Sunday, 23 April 2017

Why Kneel?

Elephant Misercord, Exeter Cathedral

From "The Pilot", 1968 comes this, an interesting historical ramble.

Some Church Customs Explained
By S.G. Thicknesse

Why Kneel?

All the possible attitudes have been used for worship down the centuries. Because kneeling is among the most helpless and uncomfortable it has been employed by all who have wanted especially to express before God their humility, their supplication, and their penitence.

So when Solomon had made an end of his great prayer that God would continue to bless and keep his people after the Ark of the Covenant had been brought into the new temple that he had built, `he arose from before the altar of the Lord, from kneeling on his knees with his hands spread up to heaven' (I Kings viii. 54).

Christians seem to have knelt rather more than other people at their prayers, perhaps because their sense of sin and unworthiness was stronger. In the early days, however, as they particularly associated kneeling with humiliation and penitence, they stood for general public prayer.

This was the usual custom among the Jews, as it was among the Romans. In the story of the Pharisee and the publican, for example, Jesus has described how `the Pharisee stood and prayed thus with himself ... and the publican, standing afar off . . . ' (St. Luke xviii. I r-13).

St. Mark also tells (ch. Xi. 25) how Jesus said to his disciples, `When ye stand praying, forgive, if ye have ought against any: that your Father also which is in heaven may forgive you your trespasses'.

Early Christians when they stood praying often extended their arms: Tertullian says in the attitude of Christ crucified. There was, however, one group. of people in the early centuries which had to kneel almost continuously at worship. This group comprised the penitents, people who, unlike the outcast `mourners', had been allowed back at least into the church porch, but were dismissed by the bishop before the prayer of consecration, until such a time as their penance was complete.

They were, indeed, commonly called `kneelers' or `prostrators', as early Christians did not distinguish in language between full prostration or kneeling upright or bowed, all of which positions they described indifferently as `kneeling'.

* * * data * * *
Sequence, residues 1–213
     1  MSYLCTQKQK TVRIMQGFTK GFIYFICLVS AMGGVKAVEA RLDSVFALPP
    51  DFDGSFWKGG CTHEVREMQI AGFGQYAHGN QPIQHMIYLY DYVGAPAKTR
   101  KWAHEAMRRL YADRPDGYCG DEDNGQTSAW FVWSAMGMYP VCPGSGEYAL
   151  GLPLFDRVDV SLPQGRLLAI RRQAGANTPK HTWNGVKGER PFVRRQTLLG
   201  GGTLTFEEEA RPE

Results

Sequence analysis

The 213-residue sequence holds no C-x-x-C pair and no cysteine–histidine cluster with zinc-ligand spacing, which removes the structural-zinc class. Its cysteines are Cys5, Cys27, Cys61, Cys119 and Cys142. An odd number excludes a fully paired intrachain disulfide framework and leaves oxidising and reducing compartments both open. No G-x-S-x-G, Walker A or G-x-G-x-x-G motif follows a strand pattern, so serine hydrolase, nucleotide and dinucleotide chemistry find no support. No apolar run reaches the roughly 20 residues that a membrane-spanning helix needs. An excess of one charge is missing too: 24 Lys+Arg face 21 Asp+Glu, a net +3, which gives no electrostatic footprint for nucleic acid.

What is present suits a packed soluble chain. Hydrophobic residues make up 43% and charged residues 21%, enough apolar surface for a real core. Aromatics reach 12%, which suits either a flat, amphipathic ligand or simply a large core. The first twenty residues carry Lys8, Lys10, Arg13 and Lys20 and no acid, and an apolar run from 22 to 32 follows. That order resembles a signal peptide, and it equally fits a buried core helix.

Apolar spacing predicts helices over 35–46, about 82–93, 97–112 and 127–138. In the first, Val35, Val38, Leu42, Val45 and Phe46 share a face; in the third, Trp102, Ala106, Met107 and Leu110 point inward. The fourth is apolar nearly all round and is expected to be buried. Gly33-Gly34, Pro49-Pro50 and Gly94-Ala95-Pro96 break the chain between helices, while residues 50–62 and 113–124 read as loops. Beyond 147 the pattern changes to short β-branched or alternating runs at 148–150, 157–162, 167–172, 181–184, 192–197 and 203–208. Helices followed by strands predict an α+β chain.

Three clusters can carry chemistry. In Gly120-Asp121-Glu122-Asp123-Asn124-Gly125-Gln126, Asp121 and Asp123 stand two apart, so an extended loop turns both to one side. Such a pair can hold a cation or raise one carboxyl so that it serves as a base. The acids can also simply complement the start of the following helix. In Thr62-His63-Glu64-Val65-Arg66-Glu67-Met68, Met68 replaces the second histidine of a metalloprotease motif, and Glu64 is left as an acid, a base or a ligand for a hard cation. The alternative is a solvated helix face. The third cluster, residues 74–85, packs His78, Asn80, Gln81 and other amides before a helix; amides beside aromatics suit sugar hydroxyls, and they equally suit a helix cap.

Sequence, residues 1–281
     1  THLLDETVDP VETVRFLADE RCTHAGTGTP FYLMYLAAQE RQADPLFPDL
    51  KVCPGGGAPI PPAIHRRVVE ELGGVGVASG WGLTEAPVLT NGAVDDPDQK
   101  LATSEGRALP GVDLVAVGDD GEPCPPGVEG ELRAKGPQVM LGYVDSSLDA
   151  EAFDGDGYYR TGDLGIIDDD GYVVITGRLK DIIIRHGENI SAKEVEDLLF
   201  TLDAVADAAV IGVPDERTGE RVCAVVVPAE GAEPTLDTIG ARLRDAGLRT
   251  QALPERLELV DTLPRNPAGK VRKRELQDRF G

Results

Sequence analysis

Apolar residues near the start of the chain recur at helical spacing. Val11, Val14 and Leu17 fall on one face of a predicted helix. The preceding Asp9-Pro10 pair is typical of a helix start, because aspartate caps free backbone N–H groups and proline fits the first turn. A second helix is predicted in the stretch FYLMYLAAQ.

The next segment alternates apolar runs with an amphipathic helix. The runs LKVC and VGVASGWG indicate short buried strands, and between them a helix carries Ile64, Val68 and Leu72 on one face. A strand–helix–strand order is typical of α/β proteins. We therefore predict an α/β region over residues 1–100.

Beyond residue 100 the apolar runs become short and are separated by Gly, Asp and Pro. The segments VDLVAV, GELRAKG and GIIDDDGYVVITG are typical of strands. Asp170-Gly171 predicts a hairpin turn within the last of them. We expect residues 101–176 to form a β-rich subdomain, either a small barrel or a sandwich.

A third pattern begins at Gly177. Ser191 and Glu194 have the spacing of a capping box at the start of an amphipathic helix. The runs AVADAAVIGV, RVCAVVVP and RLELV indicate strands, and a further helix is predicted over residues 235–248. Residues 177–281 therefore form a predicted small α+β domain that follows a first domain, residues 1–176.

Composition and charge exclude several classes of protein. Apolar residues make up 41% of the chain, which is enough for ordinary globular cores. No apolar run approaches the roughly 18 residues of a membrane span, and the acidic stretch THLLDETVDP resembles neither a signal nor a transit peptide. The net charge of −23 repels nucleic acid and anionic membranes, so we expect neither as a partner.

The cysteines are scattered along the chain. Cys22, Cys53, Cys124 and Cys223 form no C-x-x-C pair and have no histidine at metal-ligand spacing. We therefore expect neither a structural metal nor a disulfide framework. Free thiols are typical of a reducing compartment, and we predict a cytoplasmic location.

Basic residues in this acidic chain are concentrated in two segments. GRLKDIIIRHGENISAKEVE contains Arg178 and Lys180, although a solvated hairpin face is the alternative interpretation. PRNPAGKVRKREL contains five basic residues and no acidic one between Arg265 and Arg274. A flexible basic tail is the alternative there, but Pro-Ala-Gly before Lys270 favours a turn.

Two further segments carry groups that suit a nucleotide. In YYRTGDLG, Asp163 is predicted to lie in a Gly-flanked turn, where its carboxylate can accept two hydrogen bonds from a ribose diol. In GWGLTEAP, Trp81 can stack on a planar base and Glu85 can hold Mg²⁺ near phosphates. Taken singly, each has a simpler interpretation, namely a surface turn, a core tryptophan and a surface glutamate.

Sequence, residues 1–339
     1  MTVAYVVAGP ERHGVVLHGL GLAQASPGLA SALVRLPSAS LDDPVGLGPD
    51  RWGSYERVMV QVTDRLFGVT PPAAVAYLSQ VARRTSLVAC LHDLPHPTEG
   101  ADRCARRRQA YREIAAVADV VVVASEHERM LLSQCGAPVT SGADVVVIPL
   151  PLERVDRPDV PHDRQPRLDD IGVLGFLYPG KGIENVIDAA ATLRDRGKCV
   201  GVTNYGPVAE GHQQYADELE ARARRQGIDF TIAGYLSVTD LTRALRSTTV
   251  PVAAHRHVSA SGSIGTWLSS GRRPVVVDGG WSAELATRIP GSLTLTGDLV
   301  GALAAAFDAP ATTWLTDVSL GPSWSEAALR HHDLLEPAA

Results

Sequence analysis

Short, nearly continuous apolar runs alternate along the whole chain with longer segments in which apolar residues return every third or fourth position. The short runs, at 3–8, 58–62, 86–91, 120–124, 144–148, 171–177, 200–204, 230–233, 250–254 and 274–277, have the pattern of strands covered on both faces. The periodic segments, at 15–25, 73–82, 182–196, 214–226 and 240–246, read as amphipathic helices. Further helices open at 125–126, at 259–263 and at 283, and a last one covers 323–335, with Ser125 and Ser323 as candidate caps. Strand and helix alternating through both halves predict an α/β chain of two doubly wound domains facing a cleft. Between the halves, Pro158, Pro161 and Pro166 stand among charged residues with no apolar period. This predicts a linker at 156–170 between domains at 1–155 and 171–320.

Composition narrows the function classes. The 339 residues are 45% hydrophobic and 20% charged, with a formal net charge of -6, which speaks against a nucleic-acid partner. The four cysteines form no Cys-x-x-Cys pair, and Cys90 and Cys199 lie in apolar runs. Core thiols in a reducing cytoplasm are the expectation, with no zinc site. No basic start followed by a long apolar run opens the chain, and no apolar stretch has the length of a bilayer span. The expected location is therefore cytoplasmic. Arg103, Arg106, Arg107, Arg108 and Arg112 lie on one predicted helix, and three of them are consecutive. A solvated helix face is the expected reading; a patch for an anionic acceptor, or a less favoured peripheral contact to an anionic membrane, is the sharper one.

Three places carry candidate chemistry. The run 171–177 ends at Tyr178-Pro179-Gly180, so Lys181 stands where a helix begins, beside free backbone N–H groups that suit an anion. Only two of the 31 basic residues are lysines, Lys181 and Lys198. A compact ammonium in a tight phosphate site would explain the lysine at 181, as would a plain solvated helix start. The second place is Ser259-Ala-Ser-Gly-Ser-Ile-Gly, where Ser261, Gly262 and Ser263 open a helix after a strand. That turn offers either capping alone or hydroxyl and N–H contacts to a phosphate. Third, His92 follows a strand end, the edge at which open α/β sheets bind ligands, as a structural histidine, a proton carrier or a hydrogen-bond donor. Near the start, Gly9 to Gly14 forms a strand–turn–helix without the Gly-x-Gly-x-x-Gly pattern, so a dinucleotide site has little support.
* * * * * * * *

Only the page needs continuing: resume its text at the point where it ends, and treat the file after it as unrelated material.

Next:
Even when a seventh-century Council ruled that the faithful should not kneel at all on Sundays or between Easter and Whitsun, since these were joyful days, not days for remembering sin, the `kneelers' were especially excepted.

Despite this ruling, and the feeling that to kneel was especially to admit sin, some Christians took it upon themselves to kneel when they need not. Some of them became remarked for their holiness because of it, as did St. James the Just, whose knees, from his constant kneeling, became calloused like those of a camel.

As time passed, however, some people preferred kneeling to standing, and wished that the formal occasions for it were longer; others disliked it and continued to stand when they should have knelt. Among the first were monks and others who had to stand through long offices; when the time came to kneel they would some-times prop themselves on their arms or hands, or even lie prostrate, and be glad of the rest. It was as an act of mercy towards such people that many choir stalls were fitted with misericords from the thirteenth century.

 Beverley Minster

These additions to the underside of the ordinary hinged-seat of the stall, jutted out unobtrusively, and so furnished a small ledge on which the monks or canons could prop themselves as soon as they had to stand and their hinged- seats had been folded up. There are some very spirited carved misericords in some English churches, as for example those in Beverley Minster.

Among the second group of people who preferred standing was the congregation of Bishop Caesarius of Arles in the sixth century, which gave him occasion to exclaim, `When I often, as I ought, and heedfully take notice, as the deacon cries, "Let us bend our knees," I see the greater part standing upright like columns!'

A thousand years later, in England, some upright and unbending people became known as Puritans. They held, as Lutherans and others still do, that they should stand and not kneel to pray. It was against this opinion that the Prayer Book rubrics reiterate the order that the congregation shall be meekly kneeling upon their knees, even on occasions when primitive Christians stood.

Jenny Geddes so much disliked the introduction of these rulings into Scotland, that on the 23rd of July, 1637, she threw a footstool at the head of the Bishop of Edinburgh in St. Giles's Church.

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